This brings us to the heart of the matter. Zwick is right to say that The Siege does not assign the role of villain to Arabs or Muslims per se. Instead, it assigns that role to the U.S. military and the CIA. The relation of bad guy to good guy is epitomized in The Siege by a scene in which General Devereaux strips, tortures, and summarily executes an Arab-American who turns out—thanks to the incompetence of the CIA—to be a false suspect. Even the small band of Islamic terrorists are, in their own way, victims of the same evil force, having been trained in terror and then betrayed and abandoned by the CIA itself. It is this betrayal that drives the remnant first to attack American targets in the Middle East and then finally to resort to terrorism on American soil—but only after their holy leader has been illegally snatched by secret operatives of the power-mad General Devereaux, and only after their use of nonlethal methods to gain his release meets with rebuff.

In sum, The Siege is, as charged, an exercise in stereotyping. The objects of the stereotyping, however, are not Arabs or Muslims but Hollywood’s favorite bogeymen. No wonder Zwick seemed bewildered by the accusations aimed at him by ADC and CAIR.

Still, they may be right that many viewers will take from the film something different from the message Zwick was trying to convey. For all his efforts to shift the burden of blame, the movie’s image of a U.S. military run amok comes across as an overworked caricature. As against it, the image of Middle Eastern terrorists wreaking havoc in the streets of America is both compelling and only too plausible.



According to the groups protesting The Siege, terrorism is an activity distributed more or less evenly among nations and peoples. This equal-opportunity notion is also, presumably, what Denzel Washington had in mind in referring to “Jewish terrorists,” and Zwick himself has made a similar point. “Terrorism,” he says, “exists in the Jewish religion and the Catholic religion and in all religions as well.”

Is the point valid? Invoking the State Department’s annual report, Patterns of Global Terrorism, CAIR spokesmen point out that, in 1997, 97 out of 123 anti-American attacks were listed as having occurred in Latin America, while relatively few occurred in the Middle East. But as the report itself explains, most of the incidents in Latin America “consisted of low-level bombings of multinational oil pipelines in Colombia,” while, of “the more significant attacks during the year,” the top six were carried out by Muslim groups. Half of the 36 terrorist organizations mentioned in the report, moreover, are Muslim. Most important, five of the seven states designated as sponsors of terror—Iran, Iraq, Libya, Sudan, and Syria—are also Muslim. (The other two are Cuba and North Korea.)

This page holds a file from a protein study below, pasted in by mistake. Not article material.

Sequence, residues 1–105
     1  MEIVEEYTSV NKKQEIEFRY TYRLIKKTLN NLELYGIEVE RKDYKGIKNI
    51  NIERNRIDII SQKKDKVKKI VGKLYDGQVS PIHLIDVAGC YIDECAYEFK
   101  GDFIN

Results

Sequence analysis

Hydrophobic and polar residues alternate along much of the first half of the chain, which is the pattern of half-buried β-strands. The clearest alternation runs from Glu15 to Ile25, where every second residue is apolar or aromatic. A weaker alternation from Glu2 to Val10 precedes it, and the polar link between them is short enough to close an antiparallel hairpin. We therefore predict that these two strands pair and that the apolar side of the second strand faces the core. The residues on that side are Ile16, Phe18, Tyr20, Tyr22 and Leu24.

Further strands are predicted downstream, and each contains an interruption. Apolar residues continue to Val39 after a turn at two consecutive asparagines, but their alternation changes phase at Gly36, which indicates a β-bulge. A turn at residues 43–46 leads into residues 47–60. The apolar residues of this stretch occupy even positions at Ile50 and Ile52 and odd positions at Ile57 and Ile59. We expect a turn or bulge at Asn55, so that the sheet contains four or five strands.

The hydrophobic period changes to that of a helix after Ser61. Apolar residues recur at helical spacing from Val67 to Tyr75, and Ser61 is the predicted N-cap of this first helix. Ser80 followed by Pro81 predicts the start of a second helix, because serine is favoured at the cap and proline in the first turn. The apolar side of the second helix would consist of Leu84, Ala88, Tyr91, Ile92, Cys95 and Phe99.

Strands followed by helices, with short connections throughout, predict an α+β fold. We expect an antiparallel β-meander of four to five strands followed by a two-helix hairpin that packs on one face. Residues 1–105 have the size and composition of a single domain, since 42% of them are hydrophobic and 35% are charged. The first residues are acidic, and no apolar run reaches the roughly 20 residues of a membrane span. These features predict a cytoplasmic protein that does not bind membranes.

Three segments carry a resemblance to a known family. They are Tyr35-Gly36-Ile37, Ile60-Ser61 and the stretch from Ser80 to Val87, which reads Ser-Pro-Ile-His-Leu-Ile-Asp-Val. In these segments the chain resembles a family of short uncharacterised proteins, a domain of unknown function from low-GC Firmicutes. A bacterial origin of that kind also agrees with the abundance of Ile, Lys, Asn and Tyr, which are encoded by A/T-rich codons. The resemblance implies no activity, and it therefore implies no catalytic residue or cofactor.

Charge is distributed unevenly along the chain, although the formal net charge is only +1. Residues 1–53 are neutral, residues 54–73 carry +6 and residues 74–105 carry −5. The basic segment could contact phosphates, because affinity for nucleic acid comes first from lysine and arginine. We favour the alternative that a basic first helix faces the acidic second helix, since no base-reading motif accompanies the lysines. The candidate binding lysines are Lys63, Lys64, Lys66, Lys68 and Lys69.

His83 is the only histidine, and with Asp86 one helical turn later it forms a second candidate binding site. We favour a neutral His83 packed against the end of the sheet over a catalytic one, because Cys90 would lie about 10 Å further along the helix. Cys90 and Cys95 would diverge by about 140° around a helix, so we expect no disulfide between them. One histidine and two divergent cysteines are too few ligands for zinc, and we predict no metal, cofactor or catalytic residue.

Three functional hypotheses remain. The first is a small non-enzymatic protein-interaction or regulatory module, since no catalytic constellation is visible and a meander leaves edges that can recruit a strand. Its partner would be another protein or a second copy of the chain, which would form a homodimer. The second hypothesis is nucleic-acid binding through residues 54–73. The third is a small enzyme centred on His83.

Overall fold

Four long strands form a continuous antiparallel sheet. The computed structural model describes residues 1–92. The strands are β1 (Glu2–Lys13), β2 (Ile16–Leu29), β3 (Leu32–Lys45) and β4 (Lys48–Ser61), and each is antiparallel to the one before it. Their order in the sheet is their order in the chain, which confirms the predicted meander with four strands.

This is not to suggest that terrorism is endemic ethnically to Arabs or doctrinally to Islam. But it does underline the fact that terrorism has enjoyed a prevalence and acceptance in the Muslim Middle East that have no parallel elsewhere. The five named states do not merely give succor to a variety of terrorist groups; they actively employ terrorism as an instrument of statecraft, often using their diplomats and embassies for terrorist activities. Rarely, moreover, have these states been condemned by their brother states. Indeed, other Arab and Muslim nations, including Saudi Arabia, Lebanon, Yemen, and Afghanistan, have themselves given support to terrorist groups on occasion.

Contrast this with the situation in other places. Although terrorist cells have arisen in Germany, Italy, Japan, and even Israel, in each of these countries they have been anathematized and placed outside the law. Nowhere do they openly maintain offices or enjoy respect as they do in numerous Arab capitals. In fact, European and Japanese terrorist groups, isolated in their own countries, have turned to the Arab world for arms-training and haven.

The foremost beneficiary of the Arab states’ indulgence of terrorism has of course been the Palestine Liberation Organization. In The Siege, the cold-blooded execution of an Arab suspect by a haywire U.S. general is pure fiction. In real life, two U.S. diplomats held hostage in Khartoum were executed in just this fashion by the PLO, apparently at the direct order of Yasir Arafat. Nothing in the PLO’s record, however, ever caused the Arab nations to hesitate for a single moment before proclaiming it “the sole legitimate representative” of the Palestinian people. In fact, the PLO has long enjoyed the status of a cause célèbre among Arabs and Muslims; ironically, only now that it has officially renounced terrorism to pursue the Oslo peace process has it lost its standing with the likes of Iran.

There is a significant wrinkle here. Since some Arab states are themselves victims of terror (most notably, in recent years, Algeria and Egypt), the Arab League in 1996 adopted an “anti-terrorism agreement” aimed at strengthening cooperation against domestic threats. Yet while its first section denounces “terrorist crimes,” its second explains that “cases of struggle by all means, including armed struggle, against foreign occupation and aggression for the sake of liberation and self-determination in accordance with the principles of international law are not considered crimes.” As spelled out by Dr. Mustafa ‘Abd-al-Hamid Karah, speaking for the council of Arab ministers of interior, this means that “it is not possible to regard the operations mounted by the Islamic Resistance Movement, Hamas, or the Palestinian Islamic Jihad organization against the forces of Zionist occupation as acts of terrorism.” Nor has the existence of the anti-terrorism pact prevented the Arab League from recently proclaiming “solidarity with Libya in its just position” on the proposed trial of Libyan agents for the 1988 downing of Pan Am flight 103 over Lockerbie, Scotland. According to the prevailing stand of the Arab world, in other words, terrorism is not inherently wrong; it is, rather, a matter of whose ox is being gored.